However, in mHealth system, EHRs are important and sensitive, but in which the access policy includes sensitive information. For example, a patient with heart disease uploads his own EHR encrypted by the defined access policy , which will easily categorise such EHR as heart disease. Therefore, the access policy should also be hidden. Existing research on hidden access policy provided answers to maintain the confidentiality of access policy [10, 11].

In the general scheme of attribute cryptography, the length of ciphertext and the computation of encryption and decryption are related to the number of attributes, which increases linearly and hence limits the application of this technique. Therefore, the use of fixed or small length ciphertext is a popular solution [12, 13], whereas outsourcing decryption is a good alternative [14].

This solution can help patients and data owners who do not want to disclose their identity preserve their anonymity whilst sharing their own EHRs. Specifically, an infected patient who wants to upload personal encrypted records to provide information to scientific research, but due to some social factors, he/she does not want to let other users know his/her real identity [15]. In this case, the anonymity is of great significance.

In addition to the abovementioned problems, time is also an important factor to be considered in the system. The delay of medical data transmission and access may cause serious consequences, including patient casualties.

1.1. Related Work

Sahai and Waters presented attribute-based encryption firstly [16]. Compared with traditional public key encryption, ciphertext can only be decrypted by one user, while the ABE ciphertext can be provided to multiple users. The encryptor encrypts a message based on an access policy, and only the user whose attributes set satisfies the requirement of encryptor can obtain the message. This mechanism establishes the one-to-many relationship between data owner and data users and enables the fine-grained access control. Key-Policy Attribute-Based Encryption (KP-ABE) and Ciphertext-Policy Attribute-Based Encryption (CP-ABE) are the two categories of ABE technique, whose division is proposed in literature [17].

ABE is an excellent approach to ensure the secure access control of encrypted data and is widely used in many fields, such as cloud computing [18] and searchable encryption [19]. Most of the existing researches focus on the expressiveness of access policies [20]. However, in most ABE schemes, the policy is uploaded with the related ciphertext, which is public to CS and all users including illegal users [2124]. Hence, any user who obtains the ciphertext can know what the content is about, which will disclose sensitive information about the shared data. Meanwhile, the access policy must be properly handled before sharing with ciphertex, that is, hidden. A series of research results on hidden access policy have been published [2528]. Frikken et al. presented a protocol that protected both sensitive credentials and sensitive policies [25]. Lai et al. proposed another construction of CP-ABE scheme, which is a partially hidden access policy [26]. In response to the question of confidentiality, Hahn et al. proposed an attribute-based secure data sharing with hidden policies, which can be used in resource constrained environment [27]. These results provide better confidentiality of shared data and the anonymity of data user.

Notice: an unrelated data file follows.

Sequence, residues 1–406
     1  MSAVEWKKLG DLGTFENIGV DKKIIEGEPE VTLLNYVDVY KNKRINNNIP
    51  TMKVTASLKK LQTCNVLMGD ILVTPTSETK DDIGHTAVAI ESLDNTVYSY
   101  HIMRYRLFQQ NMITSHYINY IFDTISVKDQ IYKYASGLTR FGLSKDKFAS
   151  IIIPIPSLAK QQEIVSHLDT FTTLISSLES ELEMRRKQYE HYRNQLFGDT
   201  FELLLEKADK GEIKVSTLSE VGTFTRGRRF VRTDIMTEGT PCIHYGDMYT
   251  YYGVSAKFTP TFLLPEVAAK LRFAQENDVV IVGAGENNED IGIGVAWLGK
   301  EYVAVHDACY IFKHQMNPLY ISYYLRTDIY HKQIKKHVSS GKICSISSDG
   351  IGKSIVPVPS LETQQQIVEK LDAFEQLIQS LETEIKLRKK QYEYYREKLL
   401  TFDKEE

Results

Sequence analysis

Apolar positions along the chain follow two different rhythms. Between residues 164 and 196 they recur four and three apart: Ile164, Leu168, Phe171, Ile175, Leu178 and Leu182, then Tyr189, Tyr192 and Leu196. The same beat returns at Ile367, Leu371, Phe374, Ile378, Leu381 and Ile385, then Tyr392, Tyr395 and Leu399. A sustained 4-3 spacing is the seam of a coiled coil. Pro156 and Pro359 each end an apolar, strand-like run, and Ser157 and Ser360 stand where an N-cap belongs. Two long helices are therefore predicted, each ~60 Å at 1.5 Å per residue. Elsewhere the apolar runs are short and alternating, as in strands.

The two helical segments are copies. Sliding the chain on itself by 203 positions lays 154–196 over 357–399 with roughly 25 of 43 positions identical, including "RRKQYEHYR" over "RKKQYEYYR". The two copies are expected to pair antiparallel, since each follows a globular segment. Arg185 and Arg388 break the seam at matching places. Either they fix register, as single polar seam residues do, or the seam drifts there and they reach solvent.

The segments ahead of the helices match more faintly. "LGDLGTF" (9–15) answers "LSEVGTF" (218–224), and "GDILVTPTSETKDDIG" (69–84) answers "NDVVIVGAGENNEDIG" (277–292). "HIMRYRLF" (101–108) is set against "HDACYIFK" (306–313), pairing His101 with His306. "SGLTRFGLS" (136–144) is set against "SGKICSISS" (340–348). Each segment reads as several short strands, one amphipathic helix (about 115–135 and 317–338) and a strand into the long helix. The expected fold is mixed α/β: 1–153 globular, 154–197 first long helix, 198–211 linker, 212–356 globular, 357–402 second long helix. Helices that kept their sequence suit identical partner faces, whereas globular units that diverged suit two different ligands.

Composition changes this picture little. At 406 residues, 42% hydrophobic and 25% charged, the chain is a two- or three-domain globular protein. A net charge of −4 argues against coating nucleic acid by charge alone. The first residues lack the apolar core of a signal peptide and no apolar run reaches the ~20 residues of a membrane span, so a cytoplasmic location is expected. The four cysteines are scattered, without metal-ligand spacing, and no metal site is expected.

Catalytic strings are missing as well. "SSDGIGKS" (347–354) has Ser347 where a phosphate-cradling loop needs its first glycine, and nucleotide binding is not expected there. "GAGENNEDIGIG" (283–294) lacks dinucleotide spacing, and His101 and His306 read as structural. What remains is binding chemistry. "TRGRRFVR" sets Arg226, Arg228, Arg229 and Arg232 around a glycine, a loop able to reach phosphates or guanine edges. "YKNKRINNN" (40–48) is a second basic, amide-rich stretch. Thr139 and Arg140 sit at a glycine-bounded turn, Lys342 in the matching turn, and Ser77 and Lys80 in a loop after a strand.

In general ABE schemes, the length of ciphertext, computation of encryption, and decryption are related with the number of attributes of data user, which restricts the use of this technique. To resolve this defect, there are two main solutions. One is to reduce the length of ciphertext as much as possible or adopt fixed length ciphertext. To address this problem, Emura et al. introduced the concept of constant ciphetext length in 2009 [29]. After that, many similar schemes were proposed for constant ciphertext length [23, 30]. The other is to introduce outsourcing decryption to reduce the computation load [3133]. Li et al. gave a solution to implement attribute-based access control system by introducing secure outsourcing techniques into ABE [31]. In order to decrease computation, Zuo et al. proposed the CCA security model for ABE with outsourced decryption and then presented a concrete CCA-secure ABE scheme with outsourced decryption [32]. In these schemes, data users only perform a small amount of computation by outsourcing a large amount of computing to the cloud service provider.

Some studies with other characteristics have also been proposed, such as decentralized multiauthority scheme [34, 35], traceable scheme [36], and leakage-resilience scheme [37] and reduce online computation load scheme [38]. These studies provide applications in different focus areas.

1.2. Contribution

Given the continuous development of modern mobile communication and sensor technology, mHealth becomes a hot topic in the academe and healthcare industry. In view of the problems existing in the current mHealth system and the problems discussed in [27], this work proposes an improved attribute-based secure data sharing scheme for mHealth with hidden policies and traceability. Specifically, this study aims to (1) solve the problem of identity disclosure by introducing a concept of public pseudo-identity, wherein the real identity is only known by the centre authority (CA); (2) save bandwidth, wherein the interaction between CS and data user is avoided during token generation; and (3) meet the application needs of mobile medical system, wherein the temporal factor is introduced by setting the validity period of shared information by the data owner.

1.3. Organization